As with many blockbusters, the lead is effectively interchangeable, so much so that the difference between Tom Cruise (originally mooted) and Angelina Jolie (actually cast) is simply a gender – there’s even a bit of Mission: Impossible style mask silliness in the final act. The cast has been rounded out with generally capable actors, Liev Schreiber and Chiwetel Ejiofor being the most prominent, but for the majority of the running time pretty much everyone else is there on the sidelines to pass comment on the latest twist in the plot. When I say twist, that may be overstating the case a little – the plot, played out against that backdrop of escalating terror attempts, simply challenges you to work out, “who is Salt?” Consequently there are only so many ways that can be spun before you run out of patience, and Salt will test just how far your personal limit is on that level.
As with any good blockbuster, though, if the action is good enough it can distract from any slight implausibilities in the plot. Director Phillip Noyce has form in this area, having done well with two Jack Ryan adaptations on his CV, but while other action has moved on, this feels slightly retrograde. Sure, there’s the POV shots from within a vehicle and some wanton destruction that wouldn’t look out of place in a Bourne movie, but the overall effect is pedestrian, rather than pulse-pounding. Jolie employs a few trademark moves when things go hand-to-hand, not least running up the nearest wall whenever she’s about to kick someone, but while you believe thoroughly that she could be capable of these actions, there’s nothing that will linger long in the memory.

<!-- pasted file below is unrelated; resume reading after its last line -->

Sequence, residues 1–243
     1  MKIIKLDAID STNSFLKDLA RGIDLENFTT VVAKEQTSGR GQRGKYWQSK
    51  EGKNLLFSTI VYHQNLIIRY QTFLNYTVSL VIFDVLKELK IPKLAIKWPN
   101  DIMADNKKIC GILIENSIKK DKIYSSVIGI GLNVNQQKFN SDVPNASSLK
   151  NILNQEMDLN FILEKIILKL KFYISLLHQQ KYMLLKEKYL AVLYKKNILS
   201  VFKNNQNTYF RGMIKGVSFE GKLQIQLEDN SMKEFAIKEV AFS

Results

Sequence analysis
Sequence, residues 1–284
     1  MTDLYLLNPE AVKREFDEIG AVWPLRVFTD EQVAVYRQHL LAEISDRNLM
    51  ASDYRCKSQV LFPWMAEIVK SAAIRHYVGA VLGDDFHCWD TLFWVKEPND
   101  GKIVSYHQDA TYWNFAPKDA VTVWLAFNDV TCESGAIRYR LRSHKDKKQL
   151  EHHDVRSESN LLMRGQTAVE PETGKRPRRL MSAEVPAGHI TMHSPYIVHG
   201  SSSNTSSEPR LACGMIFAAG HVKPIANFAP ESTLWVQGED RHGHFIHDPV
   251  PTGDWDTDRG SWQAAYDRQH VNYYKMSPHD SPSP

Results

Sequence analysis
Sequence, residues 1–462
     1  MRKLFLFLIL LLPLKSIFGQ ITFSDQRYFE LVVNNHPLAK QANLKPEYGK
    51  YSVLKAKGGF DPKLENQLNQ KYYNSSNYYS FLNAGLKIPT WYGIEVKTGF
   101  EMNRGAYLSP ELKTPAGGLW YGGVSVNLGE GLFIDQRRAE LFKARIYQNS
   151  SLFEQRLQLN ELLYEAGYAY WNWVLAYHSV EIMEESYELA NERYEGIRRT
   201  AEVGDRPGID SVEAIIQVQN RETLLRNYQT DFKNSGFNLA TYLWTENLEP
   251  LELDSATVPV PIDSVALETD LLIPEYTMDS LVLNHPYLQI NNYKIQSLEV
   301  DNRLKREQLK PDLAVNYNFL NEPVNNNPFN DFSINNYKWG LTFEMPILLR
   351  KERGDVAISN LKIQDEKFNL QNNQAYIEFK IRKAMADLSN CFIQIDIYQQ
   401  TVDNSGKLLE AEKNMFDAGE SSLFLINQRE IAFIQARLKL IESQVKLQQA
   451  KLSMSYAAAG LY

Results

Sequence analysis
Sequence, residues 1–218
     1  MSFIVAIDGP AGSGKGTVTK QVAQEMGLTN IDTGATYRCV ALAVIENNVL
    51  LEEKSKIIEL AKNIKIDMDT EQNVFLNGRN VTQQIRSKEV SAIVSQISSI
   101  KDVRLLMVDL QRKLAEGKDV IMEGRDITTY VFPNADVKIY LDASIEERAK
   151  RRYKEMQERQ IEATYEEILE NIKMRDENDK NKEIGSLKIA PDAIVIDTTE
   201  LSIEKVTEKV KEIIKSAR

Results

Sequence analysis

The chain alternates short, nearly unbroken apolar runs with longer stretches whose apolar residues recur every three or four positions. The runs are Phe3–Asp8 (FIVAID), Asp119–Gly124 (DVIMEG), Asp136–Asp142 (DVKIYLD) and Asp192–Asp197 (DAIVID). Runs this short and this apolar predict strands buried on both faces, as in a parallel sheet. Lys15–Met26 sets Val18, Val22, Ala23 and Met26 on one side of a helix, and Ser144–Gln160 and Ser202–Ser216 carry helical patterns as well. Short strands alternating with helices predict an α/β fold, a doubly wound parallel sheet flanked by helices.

Consequently, you are left enough time to dwell on the various improbabilities, such as Salt being able to assemble a rocket launcher in a confined space without any preparation, planning or assessment of the situation whatsoever, or that a building organised enough to install giant bulletproof shutters has massive blind spots on their security camera coverage. You’ll overlook the clichés, not least Liev Schreiber asking for a zoom into video footage for no other reason than so he can ask the freeze-frame what it’s up to. But this is just an early sample – moments like this continue, as you test your disbelief’s suspension. The final test comes at the end, with of a coincidence of such shuddering implausibility which triggers the final face-off that you should count yourself lucky to ever believe anything again. Salt has just enough to keep you interested, but if this was all the Cold War had to offer, maybe it’s a good job things have defrosted.
Why see it at the cinema: If you have a fear of heights and / or suffer from vertigo, then the shots of Angelina precariously climbing round a high ledge will successfully give you the willies. And if you like average action movies, you really should be seeing them on the big screen.
The Score: 5/10